Griffiths Energy International Inc., a Calgary-based oil
exploration and development company, has pled guilty to the offence
of bribing a foreign official contrary to Canada's
Corruption of Foreign Public Officials Act. The company
has agreed to pay $10.35 million in fines for bribing a Chadian
public official with $2 million in exchange for securing three
contracts in Chad.
According to publicly disclosed information, between August 2009
and February 2011 Griffiths Energy entered into three production
sharing contracts with the government of the Republic of Chad,
providing exclusive rights to explore and develop reserves and
resources over a combined area of 26,103 km2 in southern
Chad. The contracts covered two oil basins for potential
development, oil discoveries, and numerous exploration prospects.
The company's prior management negotiated and executed these
contracts with two entities owned and controlled by a foreign
public official and his spouse.
Griffiths Energy changed its senior management in September 2011
following the accidental drowning of Brad Griffiths, the
company's chairman and co-founder. The current management
discovered suspicious contracts in November 2011 and voluntarily
disclosed to the Royal Canadian Mounted Police, the Public
Prosecution Service of Canada and the U.S. Department of Justice
that it had commenced an internal investigation into the nature,
circumstances and propriety of the contracts. The internal
investigation was supervised by a special committee of independent
members of the firm's board of directors and conducted by
external legal counsel and a forensic accounting firm. In May 2012,
Griffiths Energy disclosed that it was voluntarily sharing the
results of the internal investigation and cooperating with the
On January 22, 2012 in a Calgary court, Griffiths Energy pled
guilty under section 3(1)(b) of the Corruption of Foreign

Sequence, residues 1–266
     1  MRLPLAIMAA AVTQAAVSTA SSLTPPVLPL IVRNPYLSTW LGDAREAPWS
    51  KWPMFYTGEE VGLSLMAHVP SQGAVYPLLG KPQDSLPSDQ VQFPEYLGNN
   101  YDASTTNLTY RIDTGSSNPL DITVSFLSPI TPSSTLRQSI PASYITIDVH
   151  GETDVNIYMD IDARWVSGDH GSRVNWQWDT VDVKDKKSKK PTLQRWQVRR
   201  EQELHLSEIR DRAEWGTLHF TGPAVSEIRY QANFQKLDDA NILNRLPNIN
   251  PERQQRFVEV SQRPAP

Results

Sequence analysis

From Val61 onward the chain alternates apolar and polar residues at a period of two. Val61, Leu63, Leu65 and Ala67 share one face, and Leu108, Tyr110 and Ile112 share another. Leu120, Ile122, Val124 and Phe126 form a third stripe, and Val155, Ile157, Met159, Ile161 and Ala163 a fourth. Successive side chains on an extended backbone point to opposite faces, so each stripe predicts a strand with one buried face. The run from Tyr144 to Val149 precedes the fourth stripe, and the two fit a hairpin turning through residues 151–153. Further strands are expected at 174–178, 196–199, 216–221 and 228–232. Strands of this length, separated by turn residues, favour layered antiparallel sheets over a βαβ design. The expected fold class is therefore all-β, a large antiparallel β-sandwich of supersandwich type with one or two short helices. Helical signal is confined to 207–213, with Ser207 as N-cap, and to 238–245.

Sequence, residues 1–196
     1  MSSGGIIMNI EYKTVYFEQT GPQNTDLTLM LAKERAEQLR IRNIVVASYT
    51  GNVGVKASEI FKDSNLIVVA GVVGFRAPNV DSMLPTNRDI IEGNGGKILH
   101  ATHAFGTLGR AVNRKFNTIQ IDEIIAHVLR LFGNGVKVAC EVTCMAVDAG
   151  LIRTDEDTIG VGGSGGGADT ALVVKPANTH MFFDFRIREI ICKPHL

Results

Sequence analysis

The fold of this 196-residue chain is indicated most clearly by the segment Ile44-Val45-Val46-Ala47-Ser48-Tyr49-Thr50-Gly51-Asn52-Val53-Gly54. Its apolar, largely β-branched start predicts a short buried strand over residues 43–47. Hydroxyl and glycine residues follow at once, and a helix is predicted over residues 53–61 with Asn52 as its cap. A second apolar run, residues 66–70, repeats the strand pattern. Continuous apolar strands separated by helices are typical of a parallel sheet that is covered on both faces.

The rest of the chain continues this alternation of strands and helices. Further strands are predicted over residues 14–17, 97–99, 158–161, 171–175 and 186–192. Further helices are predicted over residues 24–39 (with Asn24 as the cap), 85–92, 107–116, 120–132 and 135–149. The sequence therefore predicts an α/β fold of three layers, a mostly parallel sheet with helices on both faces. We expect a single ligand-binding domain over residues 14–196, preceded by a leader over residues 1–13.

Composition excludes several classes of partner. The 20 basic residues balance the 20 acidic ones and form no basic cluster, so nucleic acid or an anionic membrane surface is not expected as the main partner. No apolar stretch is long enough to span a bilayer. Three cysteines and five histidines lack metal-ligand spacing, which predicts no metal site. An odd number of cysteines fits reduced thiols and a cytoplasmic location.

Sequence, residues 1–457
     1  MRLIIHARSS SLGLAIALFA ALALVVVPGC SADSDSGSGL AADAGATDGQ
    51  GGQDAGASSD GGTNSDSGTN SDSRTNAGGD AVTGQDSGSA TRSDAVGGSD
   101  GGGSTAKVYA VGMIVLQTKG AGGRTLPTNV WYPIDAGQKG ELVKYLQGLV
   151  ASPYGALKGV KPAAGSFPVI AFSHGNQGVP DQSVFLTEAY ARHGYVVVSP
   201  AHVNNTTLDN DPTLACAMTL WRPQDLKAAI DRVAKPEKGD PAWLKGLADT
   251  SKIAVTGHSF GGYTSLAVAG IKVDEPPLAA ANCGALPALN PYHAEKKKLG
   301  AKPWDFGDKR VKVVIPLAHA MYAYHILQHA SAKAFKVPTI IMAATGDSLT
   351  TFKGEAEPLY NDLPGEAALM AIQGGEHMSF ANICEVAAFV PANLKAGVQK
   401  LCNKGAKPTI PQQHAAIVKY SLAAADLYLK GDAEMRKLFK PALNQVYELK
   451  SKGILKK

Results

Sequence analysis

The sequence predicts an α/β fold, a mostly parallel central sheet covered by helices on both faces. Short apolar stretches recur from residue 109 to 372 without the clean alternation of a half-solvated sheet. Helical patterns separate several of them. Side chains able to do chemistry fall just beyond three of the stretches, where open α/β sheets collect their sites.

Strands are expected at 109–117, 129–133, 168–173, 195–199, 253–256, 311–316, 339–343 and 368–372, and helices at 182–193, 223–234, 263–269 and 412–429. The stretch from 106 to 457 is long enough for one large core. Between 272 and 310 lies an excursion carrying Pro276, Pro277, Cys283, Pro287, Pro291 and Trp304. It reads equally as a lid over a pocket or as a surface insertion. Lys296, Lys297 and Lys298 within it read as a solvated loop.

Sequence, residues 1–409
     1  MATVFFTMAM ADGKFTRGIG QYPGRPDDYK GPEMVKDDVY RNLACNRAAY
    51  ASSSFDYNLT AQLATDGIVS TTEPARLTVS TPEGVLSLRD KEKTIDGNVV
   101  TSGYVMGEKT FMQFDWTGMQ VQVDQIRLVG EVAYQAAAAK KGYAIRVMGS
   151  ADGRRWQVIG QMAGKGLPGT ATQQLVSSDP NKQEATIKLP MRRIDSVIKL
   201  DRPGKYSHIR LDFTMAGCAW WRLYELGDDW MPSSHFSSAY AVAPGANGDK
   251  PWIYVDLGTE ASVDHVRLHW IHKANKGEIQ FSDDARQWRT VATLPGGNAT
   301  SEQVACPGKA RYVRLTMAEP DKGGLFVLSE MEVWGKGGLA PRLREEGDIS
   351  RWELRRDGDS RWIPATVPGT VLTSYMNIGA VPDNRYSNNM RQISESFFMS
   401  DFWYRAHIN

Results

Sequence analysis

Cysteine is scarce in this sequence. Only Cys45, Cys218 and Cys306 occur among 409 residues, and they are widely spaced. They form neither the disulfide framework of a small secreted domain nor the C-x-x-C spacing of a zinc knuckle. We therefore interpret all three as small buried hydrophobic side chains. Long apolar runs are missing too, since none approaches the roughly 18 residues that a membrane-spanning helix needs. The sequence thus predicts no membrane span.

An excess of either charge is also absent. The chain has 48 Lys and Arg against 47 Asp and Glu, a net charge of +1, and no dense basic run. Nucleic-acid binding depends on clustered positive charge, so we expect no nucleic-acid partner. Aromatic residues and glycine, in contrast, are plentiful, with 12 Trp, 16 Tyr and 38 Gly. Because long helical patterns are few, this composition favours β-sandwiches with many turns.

Public Officials Act:
Every person commits an offence who, in order to obtain or
retain an advantage in the course of business, directly or
indirectly gives, offers or agrees to give or offer a loan, reward,
advantage or benefit of any kind to a foreign public official or to
any person for the benefit of a foreign public official
as consideration for an act or omission by the official in
connection with the performance of the official's duties or
to induce the official to use his or her position to influence
any acts or decisions of the foreign state or public international
organization for which the official performs duties or
The fine jointly recommended by the prosecutor and
Griffith's counsel has yet to be approved by the court.
Heightened Enforcement Environment
After a slow start, enforcement of Canada's anti-corruption
legislation is becoming much more active.
This conviction follows the conviction of Niko Resources,
another Calgary-based energy company, which was fined $9.5 million
in June 2011 for bribing a minister responsible for energy in the
government of Bangladesh. The RCMP has also indicated that it has
dozens of other ongoing investigations in progress. At the same
time, the Charbonneau Inquiry into corruption in the province of
Québec has raised media and public concern about domestic
corruption, creating an environment in which vigorous enforcement
can be expected.
The foregoing provides only an overview. Readers are
cautioned against making any decisions based on this material
alone. Rather, a qualified lawyer should be consulted.
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